This move toward including activists as strategic organizational entities and the recognition of PR as a socio-cultural force for social justice begs the question: how does our teaching complement these advancements? We suggest that U.S. PR education has not fully complemented these advancements. Activism and social movement focused classes are not required or even offered in many PR programs in the United States. Furthermore, U.S. PR has been dominated by a corporate bent for much of its history as early conceptualizations of activism also trickled into PR education. Mules (2019) pointed out that if activism was covered at all, “most of the pre-2000 textbooks position activism and activists from an issues and crisis management perspective as a function of business,” though newer texts within this analysis indicate some change in framing activism as liberative (p. 22). Dominant PR theories and paradigms that were developed in the U.S. have focused on how PR, as a corporate/organizational function, can support organizational outcomes and goals (Botan & Taylor, 2004; Edwards, 2012). From this perspective, activists are viewed as a type of public that an organization needs to exert power over to ensure said activists will not create a crisis for the organization (Ciszek, 2015; Ciszek et al., 2021). To earn their paychecks and keep their jobs, PR students—sometimes implicitly, other times explicitly— may be socialized to simply do as organizational leaders and clients ask particularly if their job is framed as a service to the organization first and foremost.
Although activism remains largely under-explored and under-utilized in U.S. PR education, there are instances of PR scholars applying critical perspectives to their teaching practices that connect to the socio-cultural and social justice opportunities we have presented thus far. For instance, Somerville et al. (2011) and Hodges (2013) have both argued for and applied critical pedagogy to their PR teaching. Madden et al. (2019) investigated postmodernism in the PR classroom (which involves a similar critical orientation) and Ju and Kang (2021) presented critical dialogical approaches to teaching cultural competence. However, Somerville et al. (2011) argued that PR education has privileged skills-based learning, which has biased learning resources and practices “to approach the subject from a managerial and technocratic perspective” (p. 549). Furthermore, scholars have argued that PR education is “sometimes deficient” of critical-cultural perspectives (Hodges, 2013, p. 27) and does not necessarily prioritize activism in curricula.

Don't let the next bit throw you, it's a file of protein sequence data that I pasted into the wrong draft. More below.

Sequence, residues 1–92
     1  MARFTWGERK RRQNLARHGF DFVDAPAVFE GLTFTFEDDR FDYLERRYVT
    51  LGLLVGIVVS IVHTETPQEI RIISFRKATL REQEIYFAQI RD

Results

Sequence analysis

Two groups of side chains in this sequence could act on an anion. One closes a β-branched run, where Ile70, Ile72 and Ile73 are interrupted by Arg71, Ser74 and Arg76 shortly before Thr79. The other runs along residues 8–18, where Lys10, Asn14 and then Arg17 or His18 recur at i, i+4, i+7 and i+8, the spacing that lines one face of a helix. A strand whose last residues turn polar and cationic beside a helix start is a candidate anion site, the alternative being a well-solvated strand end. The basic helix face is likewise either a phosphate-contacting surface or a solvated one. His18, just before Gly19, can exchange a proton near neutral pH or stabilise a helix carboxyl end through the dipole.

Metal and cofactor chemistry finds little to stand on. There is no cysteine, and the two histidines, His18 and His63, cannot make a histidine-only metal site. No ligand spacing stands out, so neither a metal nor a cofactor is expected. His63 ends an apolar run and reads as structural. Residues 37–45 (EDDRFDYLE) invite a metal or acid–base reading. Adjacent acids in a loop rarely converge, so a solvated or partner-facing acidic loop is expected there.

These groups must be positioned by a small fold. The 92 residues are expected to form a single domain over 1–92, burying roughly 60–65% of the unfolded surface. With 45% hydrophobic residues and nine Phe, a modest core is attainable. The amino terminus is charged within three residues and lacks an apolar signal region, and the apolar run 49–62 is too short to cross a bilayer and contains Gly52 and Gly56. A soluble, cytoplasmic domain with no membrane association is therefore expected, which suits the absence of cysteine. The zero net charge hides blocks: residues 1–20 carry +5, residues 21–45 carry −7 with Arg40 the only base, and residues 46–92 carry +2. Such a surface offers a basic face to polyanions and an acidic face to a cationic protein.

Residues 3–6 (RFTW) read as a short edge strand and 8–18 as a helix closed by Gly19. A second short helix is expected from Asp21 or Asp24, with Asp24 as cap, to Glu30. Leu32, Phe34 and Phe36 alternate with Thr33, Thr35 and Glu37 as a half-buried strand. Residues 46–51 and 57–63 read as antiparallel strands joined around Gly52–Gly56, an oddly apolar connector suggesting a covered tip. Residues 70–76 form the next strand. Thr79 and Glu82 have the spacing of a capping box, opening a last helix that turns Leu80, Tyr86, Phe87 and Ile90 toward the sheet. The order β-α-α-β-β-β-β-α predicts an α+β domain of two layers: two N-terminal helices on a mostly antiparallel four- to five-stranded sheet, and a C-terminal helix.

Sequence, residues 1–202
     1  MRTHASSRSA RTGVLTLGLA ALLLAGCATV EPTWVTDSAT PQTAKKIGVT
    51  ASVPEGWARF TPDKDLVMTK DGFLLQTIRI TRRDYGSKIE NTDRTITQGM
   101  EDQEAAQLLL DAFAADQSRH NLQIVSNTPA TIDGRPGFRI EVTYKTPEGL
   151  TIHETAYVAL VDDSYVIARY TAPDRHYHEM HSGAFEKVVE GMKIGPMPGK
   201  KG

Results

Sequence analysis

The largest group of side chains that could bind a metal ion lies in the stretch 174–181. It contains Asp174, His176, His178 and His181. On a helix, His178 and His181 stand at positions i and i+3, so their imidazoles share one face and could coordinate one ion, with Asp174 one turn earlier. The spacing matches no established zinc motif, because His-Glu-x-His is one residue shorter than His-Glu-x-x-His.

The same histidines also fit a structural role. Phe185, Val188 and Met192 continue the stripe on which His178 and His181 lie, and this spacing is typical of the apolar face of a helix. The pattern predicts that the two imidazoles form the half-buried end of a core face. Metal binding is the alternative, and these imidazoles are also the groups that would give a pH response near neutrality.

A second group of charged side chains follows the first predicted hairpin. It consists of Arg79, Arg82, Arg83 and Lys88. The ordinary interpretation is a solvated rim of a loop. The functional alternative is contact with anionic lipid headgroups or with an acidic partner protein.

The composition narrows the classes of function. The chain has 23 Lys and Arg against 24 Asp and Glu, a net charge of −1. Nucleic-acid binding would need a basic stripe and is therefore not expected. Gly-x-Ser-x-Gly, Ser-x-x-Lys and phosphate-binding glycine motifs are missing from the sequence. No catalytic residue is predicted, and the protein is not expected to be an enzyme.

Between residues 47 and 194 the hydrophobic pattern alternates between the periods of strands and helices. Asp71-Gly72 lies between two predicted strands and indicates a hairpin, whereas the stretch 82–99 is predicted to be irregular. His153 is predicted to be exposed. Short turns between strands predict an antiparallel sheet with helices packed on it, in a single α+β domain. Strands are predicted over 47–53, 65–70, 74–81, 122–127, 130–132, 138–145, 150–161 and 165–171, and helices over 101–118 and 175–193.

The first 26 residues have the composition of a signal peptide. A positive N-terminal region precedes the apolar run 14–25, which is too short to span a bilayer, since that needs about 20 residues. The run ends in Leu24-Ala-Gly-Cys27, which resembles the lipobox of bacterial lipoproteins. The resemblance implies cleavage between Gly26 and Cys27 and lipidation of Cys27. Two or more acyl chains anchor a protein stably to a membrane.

To question the ways that PR education privileges managerial and skills-based learning in pedagogy, we must interrogate our philosophies about what truth is (ontology), where it comes from (epistemology), and how it is valued (axiology) (Simpson, 2010; Tracy, 2013). Particularly because these philosophical underpinnings privilege certain questions and worldviews (Simpson, 2010), it is important to not overlook the epistemological, axiological, and ontological perspectives of educators. We must consider the underlying assumptions that guide our teaching and consider what theoretical orientations lend themselves to social justice and activist topics to see which orientations align best with the teaching topic and goals at hand. CCP provides a foundational step in questioning some of the assumptions within U.S. PR pedagogy that often keep activism at the educational periphery and appropriately complements a social justice perspective. Next, we explain CCP’s assumptions and major concepts, describe its utility in the PR classroom, and suggest that educators have an opportunity to contribute to society by teaching activism in PR classes.
CCP as an Entryway to Activism in PR Education
CCP is a framework that centers social justice in the teaching/learning process (Fassett & Rudick, 2016; Fassett & Warren, 2007; Golsan & Rudick, 2018). As Simpson (2010) explained, “Critical communication pedagogues offer rigorous attention to the ways in which communication is socially constructed, embrace the constitutive and embodied nature of all communication, and foreground the significance of human agency within particular contexts” (pp. 361-362). Instructors working from this perspective challenge the normative banking approach to education that positions students as knowledge receivers that regurgitate information transmitted by their instructors (Freire, 1970/1993). Rather, when employing a CCP approach, instructors seek to collaborate with their students to create shared knowledge and learn from one another (Fassett & Rudick, 2018). Ultimately, as an approach to teaching and scholarship, CCP seeks to use communication to create spaces of intervention into normative disciplinary and educational structures (Golsan & Rudick, 2018).